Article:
For me, a baby was always a boy. I'm the older sister of two younger brothers. The tightly swaddled infants of my childhood were male, as were most of my neighborhood babysitting charges. I married into a long line of boys and proceeded to produce three sons. Our first grandchild, named for his grandfather, carried on the male tradition. If I had a dime for every blue blanket, blue snow suit, and Tonka truck I've ever bought, I'd be a wealthy woman.
Then, in 2006, the trend came to an abrupt halt. The first Piper girl in 116 years arrived, a dark-haired beauty with the soul of a poet. She was a revelation to me—dreamy, quiet, content to sit and think her own sweet thoughts or to perch on any available lap. She was followed in rapid succession by two more granddaughters. Both are fair and blue-eyed, but there all similarity ends. One seems to have inherited the saintliness gene that crops up in my family once every generation. The other simply owns any room she enters, a tiny, charismatic force of nature.
Now I've cornered the market on smocked dresses and glitter-focused art supplies. I'm conversant in princess and fairy lore. The American Girl doll catalog appears in my mailbox with startling regularity. I still know how to shop for a baseball mitt and a navy blue blazer, but my repertoire is diverse.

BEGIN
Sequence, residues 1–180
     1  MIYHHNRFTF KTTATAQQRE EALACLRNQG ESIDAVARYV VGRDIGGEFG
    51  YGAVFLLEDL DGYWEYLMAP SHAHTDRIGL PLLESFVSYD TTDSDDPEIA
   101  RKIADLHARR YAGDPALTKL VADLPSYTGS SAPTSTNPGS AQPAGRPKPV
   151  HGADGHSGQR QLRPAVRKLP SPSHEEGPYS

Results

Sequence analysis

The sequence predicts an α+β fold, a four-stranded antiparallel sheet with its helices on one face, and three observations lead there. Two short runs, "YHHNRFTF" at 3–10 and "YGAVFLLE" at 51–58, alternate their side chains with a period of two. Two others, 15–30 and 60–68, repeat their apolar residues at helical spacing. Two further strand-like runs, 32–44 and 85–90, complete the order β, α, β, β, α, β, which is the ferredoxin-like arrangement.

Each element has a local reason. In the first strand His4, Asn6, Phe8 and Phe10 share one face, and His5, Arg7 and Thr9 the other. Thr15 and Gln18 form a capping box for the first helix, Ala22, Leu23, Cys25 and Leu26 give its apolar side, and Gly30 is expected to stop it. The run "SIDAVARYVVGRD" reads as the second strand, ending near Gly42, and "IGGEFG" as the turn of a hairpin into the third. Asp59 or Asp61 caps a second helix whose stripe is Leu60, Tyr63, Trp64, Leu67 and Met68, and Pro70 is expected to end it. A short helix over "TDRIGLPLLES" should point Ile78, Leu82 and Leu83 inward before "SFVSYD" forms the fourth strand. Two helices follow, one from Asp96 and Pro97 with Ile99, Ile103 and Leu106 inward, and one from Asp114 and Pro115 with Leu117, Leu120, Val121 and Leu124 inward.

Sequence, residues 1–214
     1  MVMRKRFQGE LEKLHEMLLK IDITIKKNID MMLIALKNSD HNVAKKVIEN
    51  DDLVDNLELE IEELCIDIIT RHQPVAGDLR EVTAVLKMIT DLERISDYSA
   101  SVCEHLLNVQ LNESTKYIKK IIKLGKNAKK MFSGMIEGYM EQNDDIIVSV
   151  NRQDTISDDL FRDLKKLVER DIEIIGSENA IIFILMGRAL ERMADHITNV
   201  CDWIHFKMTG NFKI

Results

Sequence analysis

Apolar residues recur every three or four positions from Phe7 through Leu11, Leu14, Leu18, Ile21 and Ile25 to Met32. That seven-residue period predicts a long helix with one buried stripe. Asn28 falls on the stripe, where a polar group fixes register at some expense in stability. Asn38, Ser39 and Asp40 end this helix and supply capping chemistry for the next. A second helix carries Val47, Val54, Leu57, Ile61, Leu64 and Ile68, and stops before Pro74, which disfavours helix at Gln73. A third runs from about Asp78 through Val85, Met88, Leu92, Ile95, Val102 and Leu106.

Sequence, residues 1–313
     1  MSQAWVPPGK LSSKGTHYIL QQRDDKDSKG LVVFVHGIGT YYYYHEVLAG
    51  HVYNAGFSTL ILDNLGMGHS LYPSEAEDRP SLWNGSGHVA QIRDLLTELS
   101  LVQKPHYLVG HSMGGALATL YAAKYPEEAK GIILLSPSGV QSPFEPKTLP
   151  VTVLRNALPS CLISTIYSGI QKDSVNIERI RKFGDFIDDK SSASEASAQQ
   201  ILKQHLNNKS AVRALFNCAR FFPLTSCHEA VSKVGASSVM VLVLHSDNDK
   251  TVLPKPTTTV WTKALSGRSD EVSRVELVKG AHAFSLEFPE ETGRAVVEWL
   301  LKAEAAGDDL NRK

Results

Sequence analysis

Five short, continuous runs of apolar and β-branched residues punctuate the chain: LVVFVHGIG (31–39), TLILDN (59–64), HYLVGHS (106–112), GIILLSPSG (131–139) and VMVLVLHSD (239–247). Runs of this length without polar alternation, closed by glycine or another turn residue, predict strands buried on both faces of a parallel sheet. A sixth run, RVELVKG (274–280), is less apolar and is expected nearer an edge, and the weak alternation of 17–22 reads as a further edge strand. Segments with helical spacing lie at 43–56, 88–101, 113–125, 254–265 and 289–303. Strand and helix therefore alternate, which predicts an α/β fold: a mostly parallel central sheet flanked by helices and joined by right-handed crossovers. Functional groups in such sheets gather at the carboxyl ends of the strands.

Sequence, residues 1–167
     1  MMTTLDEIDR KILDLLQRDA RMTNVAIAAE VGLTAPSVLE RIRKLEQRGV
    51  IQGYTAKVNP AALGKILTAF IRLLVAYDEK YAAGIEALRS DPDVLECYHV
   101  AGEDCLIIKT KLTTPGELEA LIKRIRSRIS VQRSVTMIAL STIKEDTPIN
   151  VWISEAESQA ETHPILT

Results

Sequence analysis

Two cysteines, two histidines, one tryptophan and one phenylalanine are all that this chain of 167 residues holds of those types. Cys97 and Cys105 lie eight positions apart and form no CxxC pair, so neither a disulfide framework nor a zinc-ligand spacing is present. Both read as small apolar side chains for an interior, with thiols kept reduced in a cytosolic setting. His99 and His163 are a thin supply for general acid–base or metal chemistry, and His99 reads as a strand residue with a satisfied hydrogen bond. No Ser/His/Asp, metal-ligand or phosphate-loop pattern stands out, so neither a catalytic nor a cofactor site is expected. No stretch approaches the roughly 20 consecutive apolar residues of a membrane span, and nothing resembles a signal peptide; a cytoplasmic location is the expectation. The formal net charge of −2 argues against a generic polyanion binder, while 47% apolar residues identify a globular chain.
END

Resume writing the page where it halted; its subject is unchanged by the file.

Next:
Last Thanksgiving, counting our blessings, we happily took stock. The oldest grandchild was 8, the youngest 4. We counted ourselves rich. We counted ourselves lucky. We packed away the high chair, the musical mobile, the last of the sippy cups. We figured we were, after 40-plus years, officially out of the baby business.
And then we stumbled upon a time-honored truth. If you want to make God laugh, put away the crib.
On Christmas Eve, we received glad tidings. Our oldest son and his wife are expecting their second child. Three months later, there was more news. It's a girl.
This flowering of feminine branches on the family tree is cause for delight and also for reflection. I think of the giggling, whispering threesome in the guest room that's now officially The Girls' Room, and wonder where we'll squeeze in a bassinet. I take inventory of the modest family jewels and mentally redistribute the strings of pearls, antique engagement rings, gold bracelets. I allow myself a brief fantasy of four weddings, four luminous brides. They'll have to marry young if I'm to see them all walk down the aisle, but life is full of surprises.
I think of the other gifts I want to leave them, gifts that will last long after the smocked dresses and princess dolls have gone to Goodwill. I want our girls to know about the branches above them, strong, loving women who struggled and endured. I want them to know about the women who boarded immigrant ships in Cork and Cherbourg and Hamburg, who put down new roots in a new world. I want to leave them a legacy of family stories, the ones I learned from my grandmother and great aunts, stories of orphans who went to work at 12 and schoolteachers, newspaper reporters, actresses, writers. Wild-eyed eccentrics. Sturdy matriarchs. Survivors.
I want them to see the threads that wind through this history, faded here and there, but durable. It is resilience that knits generation to generation, resilience and faith, and the sure and certain wisdom that our women possess, and guard, and pass on: Family is not the most important thing.
It is the only thing.